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Certified at last!

Today saw me trundling off to dear old Birmingham for the second time in 2 weeks (the first time being for the UKOUG Tech17 conference) and doing a fair impression of a nervous wreck.

That’s because I was heading to take both the SQL (1z0-061) and PL/SQL (1z0-144) Oracle certification exams.

I don’t like doing exams, mainly because I’m rubbish at revising (seriously; the most revision I did throughout all my university career consisted of 10-15 minutes before each exam. Thankfully, the Maths degree I did (and got!) involved practising stuff as part of the coursework, so I learnt by doing, rather than rote memorisation).

I was very worried that I’d fail these exams because the questions in the exam (certainly in the practice exams) don’t necessarily reflect anything like what you’d do in real life.

For example, I would never consider using NATURAL JOINs in any of my code, and I’d certainly flag it up if I ever saw it in someone else’s meant-for-production code! Why guess at what join conditions you want, rather than specifying them explicitly? Especially when that opens you up to a potential bug (what if someone adds a new column that ends up being included in the join condition?). Even the JOIN … USING form is not something I’d recommend, because then you will end up aliasing some columns but not the columns in the join; why make life hard for yourself when you can use JOIN … ON and simply alias all the columns?

Anyway, I digress. I passed both exams relatively convincingly, fortunately. It would have been embarrassing if I’d failed them, given how long I’ve worked with SQL and PL/SQL!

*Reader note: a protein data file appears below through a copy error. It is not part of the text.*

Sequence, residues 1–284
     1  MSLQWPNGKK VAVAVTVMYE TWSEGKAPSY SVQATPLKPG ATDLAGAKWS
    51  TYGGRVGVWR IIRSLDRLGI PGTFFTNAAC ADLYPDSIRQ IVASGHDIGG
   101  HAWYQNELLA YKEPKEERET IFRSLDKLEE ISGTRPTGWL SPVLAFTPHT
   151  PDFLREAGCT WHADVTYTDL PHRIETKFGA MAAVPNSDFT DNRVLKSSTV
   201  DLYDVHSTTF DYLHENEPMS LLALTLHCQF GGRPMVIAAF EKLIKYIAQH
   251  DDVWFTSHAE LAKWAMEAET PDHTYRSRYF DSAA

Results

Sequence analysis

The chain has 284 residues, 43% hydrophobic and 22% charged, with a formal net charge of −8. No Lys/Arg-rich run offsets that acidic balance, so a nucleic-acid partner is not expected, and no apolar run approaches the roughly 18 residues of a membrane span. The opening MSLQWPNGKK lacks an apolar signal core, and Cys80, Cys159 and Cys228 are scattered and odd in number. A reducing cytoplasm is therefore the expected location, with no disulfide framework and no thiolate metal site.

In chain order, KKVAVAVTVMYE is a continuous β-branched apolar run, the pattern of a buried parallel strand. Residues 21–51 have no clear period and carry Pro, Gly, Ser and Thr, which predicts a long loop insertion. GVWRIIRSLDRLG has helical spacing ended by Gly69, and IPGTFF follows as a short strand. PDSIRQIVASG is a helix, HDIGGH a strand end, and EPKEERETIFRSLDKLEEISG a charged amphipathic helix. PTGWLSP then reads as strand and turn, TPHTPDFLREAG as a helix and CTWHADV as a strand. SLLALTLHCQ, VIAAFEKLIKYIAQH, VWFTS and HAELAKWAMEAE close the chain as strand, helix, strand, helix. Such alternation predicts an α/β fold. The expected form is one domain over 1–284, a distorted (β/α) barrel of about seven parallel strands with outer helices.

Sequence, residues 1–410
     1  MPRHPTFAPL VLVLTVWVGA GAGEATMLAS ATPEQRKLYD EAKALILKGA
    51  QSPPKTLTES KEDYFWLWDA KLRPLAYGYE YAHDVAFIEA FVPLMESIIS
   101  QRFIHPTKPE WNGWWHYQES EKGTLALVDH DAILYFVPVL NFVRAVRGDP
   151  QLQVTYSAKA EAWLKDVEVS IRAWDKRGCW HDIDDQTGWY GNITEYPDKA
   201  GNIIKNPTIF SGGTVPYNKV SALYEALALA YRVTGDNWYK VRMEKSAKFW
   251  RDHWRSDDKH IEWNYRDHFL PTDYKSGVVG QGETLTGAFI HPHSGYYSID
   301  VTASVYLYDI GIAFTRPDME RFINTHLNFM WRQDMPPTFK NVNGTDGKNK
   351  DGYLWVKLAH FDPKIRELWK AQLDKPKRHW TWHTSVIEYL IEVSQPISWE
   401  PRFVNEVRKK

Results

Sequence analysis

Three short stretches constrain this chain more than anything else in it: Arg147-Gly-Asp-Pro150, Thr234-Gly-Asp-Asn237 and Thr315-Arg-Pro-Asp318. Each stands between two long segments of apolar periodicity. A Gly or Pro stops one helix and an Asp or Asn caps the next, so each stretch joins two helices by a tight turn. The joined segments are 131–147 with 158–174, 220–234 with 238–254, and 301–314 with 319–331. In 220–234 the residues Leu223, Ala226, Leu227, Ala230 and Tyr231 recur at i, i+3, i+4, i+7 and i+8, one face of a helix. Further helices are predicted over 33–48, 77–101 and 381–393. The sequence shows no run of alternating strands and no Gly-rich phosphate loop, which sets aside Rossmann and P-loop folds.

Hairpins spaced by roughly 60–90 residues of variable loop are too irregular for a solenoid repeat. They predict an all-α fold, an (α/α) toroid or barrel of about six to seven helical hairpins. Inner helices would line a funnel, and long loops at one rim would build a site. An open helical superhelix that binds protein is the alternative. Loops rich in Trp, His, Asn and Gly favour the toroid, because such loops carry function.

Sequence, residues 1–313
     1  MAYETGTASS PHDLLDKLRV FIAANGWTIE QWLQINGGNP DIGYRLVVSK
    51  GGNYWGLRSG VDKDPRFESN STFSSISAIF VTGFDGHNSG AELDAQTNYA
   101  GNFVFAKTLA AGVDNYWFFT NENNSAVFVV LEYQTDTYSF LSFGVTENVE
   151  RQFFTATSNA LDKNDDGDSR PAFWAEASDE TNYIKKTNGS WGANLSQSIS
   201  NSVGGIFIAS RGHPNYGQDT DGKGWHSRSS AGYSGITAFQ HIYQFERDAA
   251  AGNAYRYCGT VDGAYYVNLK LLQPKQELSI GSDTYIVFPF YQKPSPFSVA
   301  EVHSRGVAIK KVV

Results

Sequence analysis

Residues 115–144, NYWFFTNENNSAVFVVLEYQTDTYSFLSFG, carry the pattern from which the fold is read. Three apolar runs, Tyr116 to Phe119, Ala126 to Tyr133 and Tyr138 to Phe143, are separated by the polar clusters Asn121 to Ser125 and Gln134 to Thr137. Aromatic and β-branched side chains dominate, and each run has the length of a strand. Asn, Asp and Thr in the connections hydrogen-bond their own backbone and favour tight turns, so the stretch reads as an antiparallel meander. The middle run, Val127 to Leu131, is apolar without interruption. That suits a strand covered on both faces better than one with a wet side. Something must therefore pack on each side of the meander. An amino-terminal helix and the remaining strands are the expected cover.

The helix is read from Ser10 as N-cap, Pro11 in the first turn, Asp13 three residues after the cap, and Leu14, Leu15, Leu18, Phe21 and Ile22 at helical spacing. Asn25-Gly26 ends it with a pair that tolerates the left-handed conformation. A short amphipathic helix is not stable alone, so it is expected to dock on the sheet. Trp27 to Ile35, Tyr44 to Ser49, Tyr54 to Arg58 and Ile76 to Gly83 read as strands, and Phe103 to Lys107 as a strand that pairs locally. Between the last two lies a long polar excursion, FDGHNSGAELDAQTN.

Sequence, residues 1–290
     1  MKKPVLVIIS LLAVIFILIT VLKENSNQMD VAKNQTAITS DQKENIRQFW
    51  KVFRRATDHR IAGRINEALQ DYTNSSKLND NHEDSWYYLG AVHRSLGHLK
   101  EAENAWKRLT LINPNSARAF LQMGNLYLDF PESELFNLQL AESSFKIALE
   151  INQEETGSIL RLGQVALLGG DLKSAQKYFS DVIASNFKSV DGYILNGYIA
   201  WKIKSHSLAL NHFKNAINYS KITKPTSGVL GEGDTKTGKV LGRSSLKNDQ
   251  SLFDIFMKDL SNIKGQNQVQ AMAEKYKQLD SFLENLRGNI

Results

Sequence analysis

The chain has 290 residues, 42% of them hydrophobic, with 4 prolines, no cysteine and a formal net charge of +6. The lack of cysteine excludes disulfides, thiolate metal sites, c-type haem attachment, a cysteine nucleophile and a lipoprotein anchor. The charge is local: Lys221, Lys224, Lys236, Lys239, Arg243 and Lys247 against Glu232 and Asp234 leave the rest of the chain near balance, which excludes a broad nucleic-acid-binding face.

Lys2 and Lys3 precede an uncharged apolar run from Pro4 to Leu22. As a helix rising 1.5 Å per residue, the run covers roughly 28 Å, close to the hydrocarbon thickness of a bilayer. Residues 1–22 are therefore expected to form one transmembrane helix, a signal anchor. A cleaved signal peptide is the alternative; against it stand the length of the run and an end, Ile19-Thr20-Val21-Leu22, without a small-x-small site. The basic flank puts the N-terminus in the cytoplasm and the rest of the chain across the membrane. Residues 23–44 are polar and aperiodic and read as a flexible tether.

The main reason I’m writing this post is because Tim Hall basically asked me for an interview, and I thought I would humour him (because he definitely didn’t have a good idea. Nope! No siree! *{;-) ). And also, it’s been waaay too long since I last updated this blog!

On with the interview:

You’re a very experienced Oracle developer. What made you decide to do some Oracle certification exams at this point in your career?

I can’t take the credit for this; basically my department was allocated some budget to get everyone certified to either Associate (most of the developers) or Professional (the team leads) in 2017.

Before you say “didn’t you leave it a bit late?” I had planned on doing it at the beginning of October, but emergency surgery (I’m fine now!) the week before I was due to do it meant I had to postpone it. Today was the day!

What materials (books, blogs, training, practise questions) did you use to prepare for the exams?

The books I used were Roopesh Ramklass’s OCA Oracle Database 12c SQL Fundamentals I Exam Guide and Matthew Morris’s Study Guide for 1Z0-144: Oracle Database 11g: Program with PL/SQL: Oracle Certification Prep.

Roopesh’s book included a CD with some practice questions, so I worked my way through those. Matthew Morris’s book had a link (and discount) to a test you had to pay for, which I took and failed (this did *not* help my nerves one little bit!) and had to retake.

Plus, of course, there was the official Oracle training course for the PL/SQL exam (although I only managed the first 3 days of the online course!), plus the official practice exams provided by Transcender.

How long did you spend revising specifically for the exams?

I’ve been working with SQL for nearly 19 years and PL/SQL for at least 13 years, so you could say that I’ve been working towards the exams for a while now.

However, in terms of actually boning up for the SQL and PL/SQL exams? I’d already done a bit before life interfered – I’d read the first 3 chapters of Roopesh’s SQL book and done 3/5ths of the official PL/SQL training (I ran out of time on that one; I can’t blame the surgery for that!) plus the official practice exams.

Then I had a break of about two-and-a-bit-months, until last Monday (four days before the exams) when work very kindly gave me four days off for revision before the exams. I finished reading the SQL book over Monday and Tuesday (finishing up with the practice exams from the CD), and then read the PL/SQL book over Wednesday and Thursday (finishing up with the practice exams from the website linked to the book).